Today, Monte Verità is a hotel and restaurant with a special Japanese tea garden on the premises. There is also a museum where one can peruse the art collection of the former owner, Baron Von Der Heydt, who bought the location as a private residence in 1926. And who can miss the famous “Russian House”, now part of the museum grounds, which housed Russian students after the Revolution of 1905?

If you enjoy the thought of visiting a place where famous artists such as Herman Hesse, Paul Klee, and Isadora Duncan once called home, you will enjoy a stroll here among nature, taking in all the intellectual and artistic energy from great minds of the past.

Ox-Bow, Michigan, United States

I visited Ox-Bow many years ago when I was still a senior in high school. After all these years, I can still remember the inspired feeling I had when I entered the grounds. It’s located in Saugatuck, a quaint little town on what is known as the “Art Coast of Michigan”.  This artist colony has a school, a museum, a summer camp for children, and of course, still functions as a colony for artists to live and work together.

Ox-bow, originally known as the Summer School of Painting, was founded in 1910 by a group of artists from the School of the Art Institute of Chicago.  The location is perfect for artists seeking isolation and retreat from the big city. Shel Silverstein spent time at Ox-Bow, maybe he found the motivation he needed to write his countless children’s books while surrounded by sand dunes and endless nature.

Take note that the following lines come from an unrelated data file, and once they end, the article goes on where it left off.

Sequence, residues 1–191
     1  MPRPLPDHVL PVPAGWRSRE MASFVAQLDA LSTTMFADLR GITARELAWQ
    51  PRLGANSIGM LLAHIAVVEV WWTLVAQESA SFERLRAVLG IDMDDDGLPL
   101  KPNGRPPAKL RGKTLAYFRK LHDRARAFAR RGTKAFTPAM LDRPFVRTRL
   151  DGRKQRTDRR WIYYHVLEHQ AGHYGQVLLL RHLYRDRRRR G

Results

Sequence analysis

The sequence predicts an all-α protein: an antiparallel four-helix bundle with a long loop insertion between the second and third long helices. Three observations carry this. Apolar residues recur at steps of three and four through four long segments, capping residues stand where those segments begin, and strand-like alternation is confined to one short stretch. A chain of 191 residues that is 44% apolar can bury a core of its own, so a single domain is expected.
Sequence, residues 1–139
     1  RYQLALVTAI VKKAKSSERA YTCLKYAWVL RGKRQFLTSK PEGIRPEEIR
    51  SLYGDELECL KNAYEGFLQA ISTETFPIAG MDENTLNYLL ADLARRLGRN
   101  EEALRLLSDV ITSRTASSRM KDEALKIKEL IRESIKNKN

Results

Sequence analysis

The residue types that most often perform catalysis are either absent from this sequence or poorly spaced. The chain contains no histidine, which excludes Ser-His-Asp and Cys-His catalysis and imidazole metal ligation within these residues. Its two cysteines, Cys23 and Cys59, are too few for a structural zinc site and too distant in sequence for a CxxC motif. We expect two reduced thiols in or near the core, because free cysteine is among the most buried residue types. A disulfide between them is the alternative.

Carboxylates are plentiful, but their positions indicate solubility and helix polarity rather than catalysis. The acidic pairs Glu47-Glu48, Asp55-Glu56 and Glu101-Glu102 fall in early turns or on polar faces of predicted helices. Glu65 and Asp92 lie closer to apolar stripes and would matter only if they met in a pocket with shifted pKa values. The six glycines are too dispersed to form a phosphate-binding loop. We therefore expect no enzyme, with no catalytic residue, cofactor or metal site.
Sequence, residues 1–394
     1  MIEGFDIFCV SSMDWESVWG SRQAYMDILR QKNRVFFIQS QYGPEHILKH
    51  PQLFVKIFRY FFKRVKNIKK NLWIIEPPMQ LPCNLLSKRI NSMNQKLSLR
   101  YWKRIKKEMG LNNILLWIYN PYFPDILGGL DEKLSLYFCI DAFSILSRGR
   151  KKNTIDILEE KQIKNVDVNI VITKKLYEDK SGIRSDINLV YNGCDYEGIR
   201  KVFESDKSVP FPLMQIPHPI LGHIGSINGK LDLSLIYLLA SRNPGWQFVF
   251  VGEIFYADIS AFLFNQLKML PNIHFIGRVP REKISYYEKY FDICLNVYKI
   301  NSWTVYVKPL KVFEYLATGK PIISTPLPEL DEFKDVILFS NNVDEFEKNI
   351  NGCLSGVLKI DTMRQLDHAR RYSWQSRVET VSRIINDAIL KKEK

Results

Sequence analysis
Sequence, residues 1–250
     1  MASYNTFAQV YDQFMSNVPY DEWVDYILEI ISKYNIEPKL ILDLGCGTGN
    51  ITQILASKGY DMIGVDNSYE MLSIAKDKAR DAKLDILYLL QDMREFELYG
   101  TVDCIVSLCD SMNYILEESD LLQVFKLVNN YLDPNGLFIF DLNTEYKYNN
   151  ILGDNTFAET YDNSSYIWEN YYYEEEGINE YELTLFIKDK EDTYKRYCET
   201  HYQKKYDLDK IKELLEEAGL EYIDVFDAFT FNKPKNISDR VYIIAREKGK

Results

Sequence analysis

Throughout its long 128-year history, things may have changed, but one important aspect has remained: the feeling of inspiration that comes from living and working in common. And as an added bonus, this artist colony is also an accredited school so it’s possible to get college credits as well.

How’s that for inspiration?

There are hundreds, possibly thousands of artist colonies in the world. For those that need a boost of inspiration, I suggest visiting one for a day or a weekend. For those that need a more permanent solution, why not seek out an artist colony and benefit from all it has to offer? Who knows, you might end up with a beret or a pencil-thin mustache!

Yours Truly,


About The Author…

Erin is a travel-loving friendly introvert that lives in Europe. She has an undergraduate degree in Russian Studies from Grand Valley State University and a Master of Arts in Russian Literature and Language from SUNY at Albany. Originally from Michigan, she now spends most of her year in Switzerland. She loves art, history, art history, music, cats, vegan food, and speaking out about injustices. She has three adorable children and one feisty feline. Erin joined the team at The Quiet Nonsense to get reacquainted with technology and gain editing and writing experience. Someday she would like to start her own blog or do professional editing.

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Photo Credit: Natasha Graphic Credit: Kayla